Hoda Kobt

Saturday morning, February the 16th, opened with bright-eyed, svelte, TV personality Hoda Kobt from the Today Show. Hoda discussed her recently released book, “Ten Years Later: Six People Who Faced Adversity and Transformed Their Lives.” She was delightfully awake for 9AM and the crowd loved her.


Al Gore

From the balcony of the Trinity United Methodist Church, I was  privileged to watch Ex Vice President Al Gore speak next.  His speech explored the themes presented in his book, The Future  and his points on the  climate crisis were animated and well-received (even though Savannah is primarily a Republican city). I have to admit, I was waiting for a few Q & A zingers. They never came, as Gore went over the allotted presentation time. He stayed on to sign books.

From church, I skipped over to the Telfair Sculpture Gallery, to see Susanna Sonnenberg discuss her books, She Matters and Her Last Death.  Softspoken, elegant Susan seemed a beacon of hope to many in the audience dealing with the loss of loved ones.

T.C. Boyle

T.C. Boyle

After a breathtakingly, brisk walk up and down Broughton Street during the lunch break, I went to the Telfair Rotunda to secure a seat front and center for T.C. Boyle. The author of World’s End, East Is East, The Road to Wellville, The Tortilla Curtain, and many more bestsellers, T.C. read his short story- The Lie.  He is one of the most stunning writers of our time.  I wish he had spoken a bit more about his career, but was thrilled to be in the same room with an author who’s command of the English language gave me the urge to bow when I met him.  Oh, if you are reading this T.C., I have no idea what you inscribed in my book, but I’ll cherish it anyway.


Richard Paul Evans

Richard Paul Evans was up next, and his presentation was refreshingly down to earth and forthright.  Evans revealed a few childhood scars, and the fact that he suffers from Tourette syndrome. Evans is the author of dozens of inspirational, hopeful, faith based books including, The Christmas Box, A Winter Dream, The Walk, and Michael Vey.  His writing style is touching and heartfelt. Evan’s foundation, The Christmas Box International funds shelters for battered children. Having been an unwilling shelter guest as a child, this charity is near and dear to my heart. After the presentation, I spoke to Evans and that brief, emotional moment turned into the start of my next novel. Believe me, no one was more surprised by this than me!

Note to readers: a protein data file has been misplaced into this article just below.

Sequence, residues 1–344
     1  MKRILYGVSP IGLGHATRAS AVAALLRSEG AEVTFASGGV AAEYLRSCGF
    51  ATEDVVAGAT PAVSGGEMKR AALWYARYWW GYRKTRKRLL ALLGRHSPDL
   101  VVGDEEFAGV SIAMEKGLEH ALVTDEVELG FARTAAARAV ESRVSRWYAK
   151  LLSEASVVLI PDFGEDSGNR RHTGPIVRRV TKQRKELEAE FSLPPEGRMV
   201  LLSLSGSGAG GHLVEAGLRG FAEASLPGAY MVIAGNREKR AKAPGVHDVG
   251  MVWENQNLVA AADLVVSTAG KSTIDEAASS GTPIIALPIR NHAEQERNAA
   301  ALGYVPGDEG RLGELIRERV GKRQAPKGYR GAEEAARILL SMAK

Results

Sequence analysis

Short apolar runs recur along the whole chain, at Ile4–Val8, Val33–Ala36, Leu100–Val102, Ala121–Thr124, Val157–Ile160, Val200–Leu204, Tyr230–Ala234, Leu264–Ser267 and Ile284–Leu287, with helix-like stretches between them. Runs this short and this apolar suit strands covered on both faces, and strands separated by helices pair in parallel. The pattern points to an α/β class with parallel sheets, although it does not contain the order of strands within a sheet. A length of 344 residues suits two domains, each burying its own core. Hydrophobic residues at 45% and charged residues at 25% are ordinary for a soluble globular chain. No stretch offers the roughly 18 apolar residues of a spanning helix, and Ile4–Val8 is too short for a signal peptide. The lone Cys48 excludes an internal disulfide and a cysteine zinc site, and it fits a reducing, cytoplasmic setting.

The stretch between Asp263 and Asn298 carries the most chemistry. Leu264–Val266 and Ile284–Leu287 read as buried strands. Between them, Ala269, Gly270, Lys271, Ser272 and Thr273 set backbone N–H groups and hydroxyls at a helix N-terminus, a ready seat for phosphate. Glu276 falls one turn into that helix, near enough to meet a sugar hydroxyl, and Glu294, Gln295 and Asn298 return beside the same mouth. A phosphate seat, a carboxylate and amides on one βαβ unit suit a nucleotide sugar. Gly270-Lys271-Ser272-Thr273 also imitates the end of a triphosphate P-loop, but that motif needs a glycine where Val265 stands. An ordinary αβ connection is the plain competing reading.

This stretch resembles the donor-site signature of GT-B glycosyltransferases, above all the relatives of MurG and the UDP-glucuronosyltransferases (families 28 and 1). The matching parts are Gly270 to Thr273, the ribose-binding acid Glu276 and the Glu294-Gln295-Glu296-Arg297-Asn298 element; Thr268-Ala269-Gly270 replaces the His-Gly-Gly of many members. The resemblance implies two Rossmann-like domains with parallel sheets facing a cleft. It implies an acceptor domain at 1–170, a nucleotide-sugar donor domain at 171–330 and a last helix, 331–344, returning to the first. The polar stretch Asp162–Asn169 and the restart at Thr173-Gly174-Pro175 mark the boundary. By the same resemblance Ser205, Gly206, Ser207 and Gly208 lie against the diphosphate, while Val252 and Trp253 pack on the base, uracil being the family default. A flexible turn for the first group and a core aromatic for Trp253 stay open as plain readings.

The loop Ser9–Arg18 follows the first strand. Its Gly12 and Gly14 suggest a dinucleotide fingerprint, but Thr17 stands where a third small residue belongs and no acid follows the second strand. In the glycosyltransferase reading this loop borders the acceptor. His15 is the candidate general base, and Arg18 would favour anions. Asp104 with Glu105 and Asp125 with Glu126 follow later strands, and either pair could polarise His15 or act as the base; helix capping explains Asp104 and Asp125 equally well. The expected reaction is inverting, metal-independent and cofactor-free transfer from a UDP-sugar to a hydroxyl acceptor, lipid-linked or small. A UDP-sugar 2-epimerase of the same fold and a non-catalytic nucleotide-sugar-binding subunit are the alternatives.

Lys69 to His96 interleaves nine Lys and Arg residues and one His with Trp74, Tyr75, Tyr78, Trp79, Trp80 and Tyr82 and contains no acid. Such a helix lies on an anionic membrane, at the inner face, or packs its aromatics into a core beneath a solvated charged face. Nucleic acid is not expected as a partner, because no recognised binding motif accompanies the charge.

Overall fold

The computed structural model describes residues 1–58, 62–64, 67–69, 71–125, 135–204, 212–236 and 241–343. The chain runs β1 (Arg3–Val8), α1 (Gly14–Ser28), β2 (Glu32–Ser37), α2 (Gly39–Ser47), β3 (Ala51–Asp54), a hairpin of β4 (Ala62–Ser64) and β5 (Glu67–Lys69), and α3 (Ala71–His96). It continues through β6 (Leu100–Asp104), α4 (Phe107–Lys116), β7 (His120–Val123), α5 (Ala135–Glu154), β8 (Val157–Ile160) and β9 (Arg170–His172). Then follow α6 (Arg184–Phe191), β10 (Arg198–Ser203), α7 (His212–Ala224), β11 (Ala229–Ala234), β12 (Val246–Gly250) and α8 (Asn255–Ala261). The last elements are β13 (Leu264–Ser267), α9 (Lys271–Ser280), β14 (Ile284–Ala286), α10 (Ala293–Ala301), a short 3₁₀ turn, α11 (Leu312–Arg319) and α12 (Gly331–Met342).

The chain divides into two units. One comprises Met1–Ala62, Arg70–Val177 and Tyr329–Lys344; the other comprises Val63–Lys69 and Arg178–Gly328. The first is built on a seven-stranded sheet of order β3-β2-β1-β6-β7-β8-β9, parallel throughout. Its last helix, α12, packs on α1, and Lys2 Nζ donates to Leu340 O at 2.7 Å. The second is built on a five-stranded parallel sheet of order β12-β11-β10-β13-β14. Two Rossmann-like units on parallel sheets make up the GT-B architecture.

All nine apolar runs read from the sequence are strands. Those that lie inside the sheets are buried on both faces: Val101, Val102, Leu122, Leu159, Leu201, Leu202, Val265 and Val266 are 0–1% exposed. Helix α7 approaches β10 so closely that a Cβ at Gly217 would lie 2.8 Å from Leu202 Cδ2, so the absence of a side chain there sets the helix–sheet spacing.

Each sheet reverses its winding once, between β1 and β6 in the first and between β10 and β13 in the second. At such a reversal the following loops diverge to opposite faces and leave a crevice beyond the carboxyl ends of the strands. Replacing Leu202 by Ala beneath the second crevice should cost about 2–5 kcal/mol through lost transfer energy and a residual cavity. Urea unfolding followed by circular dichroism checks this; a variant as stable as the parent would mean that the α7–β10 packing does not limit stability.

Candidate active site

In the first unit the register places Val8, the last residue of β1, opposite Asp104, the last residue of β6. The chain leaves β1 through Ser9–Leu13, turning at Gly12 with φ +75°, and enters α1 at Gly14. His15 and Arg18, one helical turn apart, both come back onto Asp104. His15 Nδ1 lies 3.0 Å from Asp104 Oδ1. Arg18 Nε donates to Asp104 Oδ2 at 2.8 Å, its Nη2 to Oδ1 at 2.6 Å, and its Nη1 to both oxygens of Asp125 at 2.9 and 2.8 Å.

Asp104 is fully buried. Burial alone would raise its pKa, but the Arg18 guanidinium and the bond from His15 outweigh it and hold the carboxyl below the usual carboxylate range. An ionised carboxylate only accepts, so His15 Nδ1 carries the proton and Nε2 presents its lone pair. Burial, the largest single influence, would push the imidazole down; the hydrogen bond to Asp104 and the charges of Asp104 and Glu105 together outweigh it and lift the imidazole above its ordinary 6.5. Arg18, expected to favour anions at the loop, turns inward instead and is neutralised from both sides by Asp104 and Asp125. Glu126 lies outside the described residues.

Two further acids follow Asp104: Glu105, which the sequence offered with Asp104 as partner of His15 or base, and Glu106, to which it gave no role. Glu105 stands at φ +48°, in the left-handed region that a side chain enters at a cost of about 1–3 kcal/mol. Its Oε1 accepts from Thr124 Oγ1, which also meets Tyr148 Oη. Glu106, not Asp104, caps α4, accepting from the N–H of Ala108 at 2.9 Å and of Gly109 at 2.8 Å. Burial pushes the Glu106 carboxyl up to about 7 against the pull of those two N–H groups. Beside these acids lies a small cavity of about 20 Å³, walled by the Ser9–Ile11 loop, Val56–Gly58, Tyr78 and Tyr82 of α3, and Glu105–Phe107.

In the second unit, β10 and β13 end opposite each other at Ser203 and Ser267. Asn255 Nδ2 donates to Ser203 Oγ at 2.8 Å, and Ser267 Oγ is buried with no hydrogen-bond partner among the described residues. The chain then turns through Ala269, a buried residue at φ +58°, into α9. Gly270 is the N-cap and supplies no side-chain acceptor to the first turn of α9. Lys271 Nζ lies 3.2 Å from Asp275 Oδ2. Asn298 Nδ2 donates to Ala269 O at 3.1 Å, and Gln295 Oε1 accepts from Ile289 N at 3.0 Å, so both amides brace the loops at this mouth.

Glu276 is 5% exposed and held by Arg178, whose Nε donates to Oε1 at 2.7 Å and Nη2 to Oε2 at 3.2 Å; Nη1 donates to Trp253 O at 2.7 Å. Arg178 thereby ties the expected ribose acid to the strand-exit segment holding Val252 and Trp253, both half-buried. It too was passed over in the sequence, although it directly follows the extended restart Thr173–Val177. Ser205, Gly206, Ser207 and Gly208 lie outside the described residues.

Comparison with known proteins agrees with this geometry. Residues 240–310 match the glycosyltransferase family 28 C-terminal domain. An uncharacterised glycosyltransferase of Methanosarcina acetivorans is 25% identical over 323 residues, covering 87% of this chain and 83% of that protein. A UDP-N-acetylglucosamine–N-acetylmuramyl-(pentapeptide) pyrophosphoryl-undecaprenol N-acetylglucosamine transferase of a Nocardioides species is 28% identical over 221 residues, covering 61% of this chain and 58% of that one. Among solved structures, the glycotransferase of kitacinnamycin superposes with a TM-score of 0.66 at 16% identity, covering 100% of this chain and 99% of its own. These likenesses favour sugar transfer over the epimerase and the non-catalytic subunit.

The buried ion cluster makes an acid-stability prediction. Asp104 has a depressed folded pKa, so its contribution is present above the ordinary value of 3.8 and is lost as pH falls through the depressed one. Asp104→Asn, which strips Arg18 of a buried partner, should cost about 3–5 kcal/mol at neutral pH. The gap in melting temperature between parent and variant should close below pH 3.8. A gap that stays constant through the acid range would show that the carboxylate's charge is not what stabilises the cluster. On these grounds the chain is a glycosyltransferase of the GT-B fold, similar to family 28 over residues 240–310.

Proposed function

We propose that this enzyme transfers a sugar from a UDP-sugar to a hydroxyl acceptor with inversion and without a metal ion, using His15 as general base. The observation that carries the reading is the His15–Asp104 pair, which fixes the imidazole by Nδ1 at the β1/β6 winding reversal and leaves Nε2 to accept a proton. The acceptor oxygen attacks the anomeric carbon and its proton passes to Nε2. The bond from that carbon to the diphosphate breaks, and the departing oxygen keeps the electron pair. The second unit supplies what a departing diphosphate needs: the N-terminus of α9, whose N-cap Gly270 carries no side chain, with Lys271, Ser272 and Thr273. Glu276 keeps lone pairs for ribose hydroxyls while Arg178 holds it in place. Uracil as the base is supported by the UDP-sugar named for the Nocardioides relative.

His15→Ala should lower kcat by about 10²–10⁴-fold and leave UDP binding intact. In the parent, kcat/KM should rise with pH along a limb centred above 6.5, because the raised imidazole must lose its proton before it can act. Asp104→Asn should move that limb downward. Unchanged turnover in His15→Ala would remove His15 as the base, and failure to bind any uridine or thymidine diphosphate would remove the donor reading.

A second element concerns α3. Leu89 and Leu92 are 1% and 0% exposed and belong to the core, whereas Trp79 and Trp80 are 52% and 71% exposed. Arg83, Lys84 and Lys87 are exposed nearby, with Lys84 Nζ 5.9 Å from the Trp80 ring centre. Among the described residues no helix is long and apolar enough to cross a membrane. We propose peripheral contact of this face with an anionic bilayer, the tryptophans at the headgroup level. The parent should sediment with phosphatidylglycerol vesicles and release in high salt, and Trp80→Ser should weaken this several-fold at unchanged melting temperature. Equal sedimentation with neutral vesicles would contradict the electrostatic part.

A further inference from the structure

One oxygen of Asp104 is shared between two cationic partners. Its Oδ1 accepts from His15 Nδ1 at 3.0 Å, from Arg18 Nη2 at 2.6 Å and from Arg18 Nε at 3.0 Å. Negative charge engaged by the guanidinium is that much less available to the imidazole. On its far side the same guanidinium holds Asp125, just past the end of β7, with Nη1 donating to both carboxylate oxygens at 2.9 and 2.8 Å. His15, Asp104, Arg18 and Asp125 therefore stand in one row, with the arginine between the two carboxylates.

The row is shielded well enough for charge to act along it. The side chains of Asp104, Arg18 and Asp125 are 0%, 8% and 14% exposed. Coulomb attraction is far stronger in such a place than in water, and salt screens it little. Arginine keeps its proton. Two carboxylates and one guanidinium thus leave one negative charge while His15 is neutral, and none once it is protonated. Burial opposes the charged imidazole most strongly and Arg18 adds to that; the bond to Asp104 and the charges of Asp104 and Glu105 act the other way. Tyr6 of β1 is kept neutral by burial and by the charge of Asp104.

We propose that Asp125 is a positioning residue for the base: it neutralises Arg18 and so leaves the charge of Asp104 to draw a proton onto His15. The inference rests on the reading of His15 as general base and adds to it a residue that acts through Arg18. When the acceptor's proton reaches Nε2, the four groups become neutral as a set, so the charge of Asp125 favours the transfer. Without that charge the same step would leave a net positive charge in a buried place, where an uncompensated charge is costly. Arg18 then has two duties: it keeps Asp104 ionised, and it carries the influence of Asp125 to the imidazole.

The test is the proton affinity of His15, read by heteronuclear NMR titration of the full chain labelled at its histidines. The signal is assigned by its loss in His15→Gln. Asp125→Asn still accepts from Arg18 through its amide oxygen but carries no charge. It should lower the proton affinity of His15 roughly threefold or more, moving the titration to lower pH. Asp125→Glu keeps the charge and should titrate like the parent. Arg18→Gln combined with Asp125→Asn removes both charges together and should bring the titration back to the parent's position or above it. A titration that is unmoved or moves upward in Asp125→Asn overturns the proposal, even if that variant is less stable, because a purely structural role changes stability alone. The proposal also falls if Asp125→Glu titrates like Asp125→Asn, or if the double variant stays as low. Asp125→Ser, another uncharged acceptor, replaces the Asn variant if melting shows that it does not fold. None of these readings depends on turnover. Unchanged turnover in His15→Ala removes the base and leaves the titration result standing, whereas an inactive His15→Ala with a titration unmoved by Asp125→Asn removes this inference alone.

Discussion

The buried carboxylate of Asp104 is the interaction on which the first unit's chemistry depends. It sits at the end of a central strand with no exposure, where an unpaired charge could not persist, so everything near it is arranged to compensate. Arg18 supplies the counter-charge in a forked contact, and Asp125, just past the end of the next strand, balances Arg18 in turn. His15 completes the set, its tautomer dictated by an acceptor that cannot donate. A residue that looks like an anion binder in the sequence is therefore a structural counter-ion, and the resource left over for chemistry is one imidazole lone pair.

Last but certainly not least in my Saturday at the Savannah Book Festival experience, was the incomparable, bubbling and enthusiastic Claire Cook.  Claire Cook is the ClaireCook2author of the much acclaimed book turned movie Must Love Dogs.  Her story of getting started as a writer at the tender age of 45,  kicked my can-do attitude in the can-can. Claire talked about the surreal experience of walking on the red carpet, and dished on the joys of working with John Cusack, Elizabeth Perkins, and Christopher Plummer. At the end of her presentation, Claire took a picture of the audience. A whirlwind of wonderful is the best way to describe this talented lady!

The closing ceremony for the festival was back at the Trustees Theater on Sunday, with guest author David Baldacci. Baldacci’s speech was not followed by questions. However, his story about speed boating with Ex President Bush Sr. was an absolute hoot.

As another Savannah Book Festival fades into memory, I am settling in for a year of productive writing, and prayer that the next time I attend, I will be a published novelist. Forget skipping, at that point I’ll float from speech to speech.

Bravo Savannah Book Festival coordinators, and blessings to all for a year of great reads and miracles,